income equity and budgetary compassion may not comply with certain individual’s definition of American, it
fits the biblical description of righteous and Christian to a tee.
3. Oppress/oppressed/oppression: Christian scripture is replete with the word
oppress and its derivatives. In large measure, it is used in reference to the mistreatment of those who are impoverished.
To do justice to the fatherless and the oppressed, that the man of earth may oppress
no more (Psa. 10:18 NKJV); the people of the land have used oppression and extortion and committed
robbery; yes, they have wronged and vexed the poor and needy (Eze. 22:9 AMP). In light of the recent budget passed by
the House, this next verse is extremely prescient: He who oppresses the poor to increase his riches,
and he who gives to the rich will surely come to poverty (Prov. 22:16 NKJV).
So what can we glean from these pronouncements? Going back to the original Hebrew, the words for oppress and its
various offshoots are ashaq (aw-shak), arats (aw-rats’), dak (dak), showd (shode),
to name a few. Their meanings are a virtual checklist for the injustices that our most vulnerable citizens face: to
defraud; to violate; to afflict; to crush; to crack into
pieces, to overwhelm, violence, to ravage.
When we look at the criminality of the home foreclosures by institutions such
as Wells Fargo; when we see the crushing debt incurred by those who had the nerve to become ill without proper healthcare;
when we see budgets and proposals that stand to overwhelm, ravage and crack into pieces those of already meager means, is
this not oppression? These are the injustices and sufferings that the Christian is called to address.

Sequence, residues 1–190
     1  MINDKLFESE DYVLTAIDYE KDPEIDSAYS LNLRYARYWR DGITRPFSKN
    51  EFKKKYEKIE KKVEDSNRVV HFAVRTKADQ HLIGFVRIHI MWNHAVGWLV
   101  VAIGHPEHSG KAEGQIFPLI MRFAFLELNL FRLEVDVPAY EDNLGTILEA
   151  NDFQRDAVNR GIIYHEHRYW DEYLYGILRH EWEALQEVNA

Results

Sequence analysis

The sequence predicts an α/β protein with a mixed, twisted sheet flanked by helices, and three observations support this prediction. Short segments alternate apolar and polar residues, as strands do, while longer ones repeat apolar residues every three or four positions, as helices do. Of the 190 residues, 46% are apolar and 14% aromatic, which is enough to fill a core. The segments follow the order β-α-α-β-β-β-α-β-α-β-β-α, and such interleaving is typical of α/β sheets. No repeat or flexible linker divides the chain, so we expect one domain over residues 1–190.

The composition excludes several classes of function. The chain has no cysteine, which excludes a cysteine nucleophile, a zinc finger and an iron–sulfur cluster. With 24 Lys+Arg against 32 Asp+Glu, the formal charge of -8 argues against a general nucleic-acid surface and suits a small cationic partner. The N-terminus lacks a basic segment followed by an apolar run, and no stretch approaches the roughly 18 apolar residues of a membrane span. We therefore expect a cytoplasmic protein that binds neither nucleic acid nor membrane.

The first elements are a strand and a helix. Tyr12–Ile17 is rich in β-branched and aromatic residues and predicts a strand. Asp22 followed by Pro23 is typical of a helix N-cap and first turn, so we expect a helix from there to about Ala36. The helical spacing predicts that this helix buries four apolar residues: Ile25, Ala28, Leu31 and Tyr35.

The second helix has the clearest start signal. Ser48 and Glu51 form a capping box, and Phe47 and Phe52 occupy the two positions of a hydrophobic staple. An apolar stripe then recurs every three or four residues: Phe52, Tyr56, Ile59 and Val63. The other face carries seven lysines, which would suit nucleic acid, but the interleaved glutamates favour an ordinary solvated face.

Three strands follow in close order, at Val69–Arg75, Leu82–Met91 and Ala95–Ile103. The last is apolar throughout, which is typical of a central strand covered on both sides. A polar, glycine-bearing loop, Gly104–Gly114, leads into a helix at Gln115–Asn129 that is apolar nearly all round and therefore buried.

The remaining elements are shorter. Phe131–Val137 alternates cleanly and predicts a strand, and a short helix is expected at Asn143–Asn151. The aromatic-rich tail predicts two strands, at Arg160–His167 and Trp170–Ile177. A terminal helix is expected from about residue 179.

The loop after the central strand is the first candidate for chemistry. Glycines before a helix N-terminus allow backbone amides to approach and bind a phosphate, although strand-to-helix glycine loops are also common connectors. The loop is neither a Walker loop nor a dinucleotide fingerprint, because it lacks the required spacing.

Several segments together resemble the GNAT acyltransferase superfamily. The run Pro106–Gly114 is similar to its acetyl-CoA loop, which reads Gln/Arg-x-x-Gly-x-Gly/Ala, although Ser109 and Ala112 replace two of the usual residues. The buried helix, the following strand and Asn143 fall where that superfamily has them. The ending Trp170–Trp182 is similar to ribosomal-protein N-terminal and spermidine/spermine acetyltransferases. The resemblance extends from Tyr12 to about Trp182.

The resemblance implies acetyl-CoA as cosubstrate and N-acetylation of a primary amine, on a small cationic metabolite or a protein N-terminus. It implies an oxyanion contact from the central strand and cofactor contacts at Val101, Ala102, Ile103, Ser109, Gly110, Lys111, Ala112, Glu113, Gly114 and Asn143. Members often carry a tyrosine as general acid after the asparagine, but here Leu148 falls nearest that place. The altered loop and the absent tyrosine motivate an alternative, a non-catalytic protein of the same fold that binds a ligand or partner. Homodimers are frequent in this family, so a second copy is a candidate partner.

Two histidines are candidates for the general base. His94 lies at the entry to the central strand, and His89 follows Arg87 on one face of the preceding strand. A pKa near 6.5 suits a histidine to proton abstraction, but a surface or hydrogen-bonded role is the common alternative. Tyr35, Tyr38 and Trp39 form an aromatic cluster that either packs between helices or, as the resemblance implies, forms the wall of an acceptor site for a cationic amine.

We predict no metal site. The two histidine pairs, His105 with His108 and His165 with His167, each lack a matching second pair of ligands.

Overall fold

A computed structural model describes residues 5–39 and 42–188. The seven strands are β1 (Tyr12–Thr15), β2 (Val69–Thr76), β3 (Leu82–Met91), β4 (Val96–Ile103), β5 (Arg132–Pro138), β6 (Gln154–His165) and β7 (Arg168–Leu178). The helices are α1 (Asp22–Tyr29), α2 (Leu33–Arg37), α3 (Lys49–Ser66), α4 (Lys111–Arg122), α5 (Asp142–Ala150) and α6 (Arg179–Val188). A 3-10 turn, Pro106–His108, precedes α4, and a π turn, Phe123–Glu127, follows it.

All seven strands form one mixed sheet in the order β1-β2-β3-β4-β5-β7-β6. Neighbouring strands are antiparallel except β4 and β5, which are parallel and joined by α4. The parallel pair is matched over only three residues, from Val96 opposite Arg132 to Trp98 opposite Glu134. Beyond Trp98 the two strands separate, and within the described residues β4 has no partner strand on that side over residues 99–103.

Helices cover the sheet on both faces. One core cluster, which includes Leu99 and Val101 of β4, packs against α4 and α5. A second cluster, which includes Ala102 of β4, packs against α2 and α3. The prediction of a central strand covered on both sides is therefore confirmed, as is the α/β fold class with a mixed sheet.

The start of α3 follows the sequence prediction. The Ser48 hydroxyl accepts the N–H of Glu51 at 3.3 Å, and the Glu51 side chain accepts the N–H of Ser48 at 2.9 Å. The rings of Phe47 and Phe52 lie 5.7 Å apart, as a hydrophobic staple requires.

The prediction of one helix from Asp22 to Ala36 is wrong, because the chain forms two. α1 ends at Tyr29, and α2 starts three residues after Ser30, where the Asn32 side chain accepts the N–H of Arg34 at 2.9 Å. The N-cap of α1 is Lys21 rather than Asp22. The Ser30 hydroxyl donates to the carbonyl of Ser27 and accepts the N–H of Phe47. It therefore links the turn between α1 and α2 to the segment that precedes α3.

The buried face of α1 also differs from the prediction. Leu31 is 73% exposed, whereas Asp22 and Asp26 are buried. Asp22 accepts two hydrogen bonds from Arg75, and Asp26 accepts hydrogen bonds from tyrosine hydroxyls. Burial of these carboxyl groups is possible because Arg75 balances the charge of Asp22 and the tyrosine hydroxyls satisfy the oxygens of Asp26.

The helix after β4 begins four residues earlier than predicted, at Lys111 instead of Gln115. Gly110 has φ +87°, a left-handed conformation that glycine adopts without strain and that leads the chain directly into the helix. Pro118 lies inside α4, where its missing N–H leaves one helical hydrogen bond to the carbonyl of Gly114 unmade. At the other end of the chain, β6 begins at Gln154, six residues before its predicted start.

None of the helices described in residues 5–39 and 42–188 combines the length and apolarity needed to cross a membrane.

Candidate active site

The commitment that we are called to give transcends the regular (or irregular)
donation as the plate is passed around --- once again, that type of contribution is commendable. Nevertheless, we are called
to an emphatic advocacy; an explicit engagement; an enthusiastic championing.
If one would take just a cursory view of scripture, we would find that not only individuals were judged in regard
to their treatment of those in need, but societies and nations as well. Which leads me to this question: how can we take
up the cause of the poor; how do we champion the concerns of the least of these, without tackling the laws and policies
that negatively impact them?
consider just one more passage:
cedar may be excellent, but that doesn’t make you a better king.
True, your father ate and drank, but he also did what was right and just, so things went well with him.
He upheld the cause of the poor and the weak, so
everything went well. Isn’t that what knowing me is all about?” says the Lord (Jer. 22:
Are you my Christian sister;
my Christian brother, a champion of the poor?
KJV: King James Version
NKJV: New King James Version
CJB: Complete Jewish Bible
Fatherless and widows: in ancient Hebrew society the
most vulnerable citizens were the individual who did not have the economic support of a father or husband. Although contemporarily,
orphans or widows are still among our most vulnerable, the designation, fatherless and widows, has come to represent
the most impoverished in society.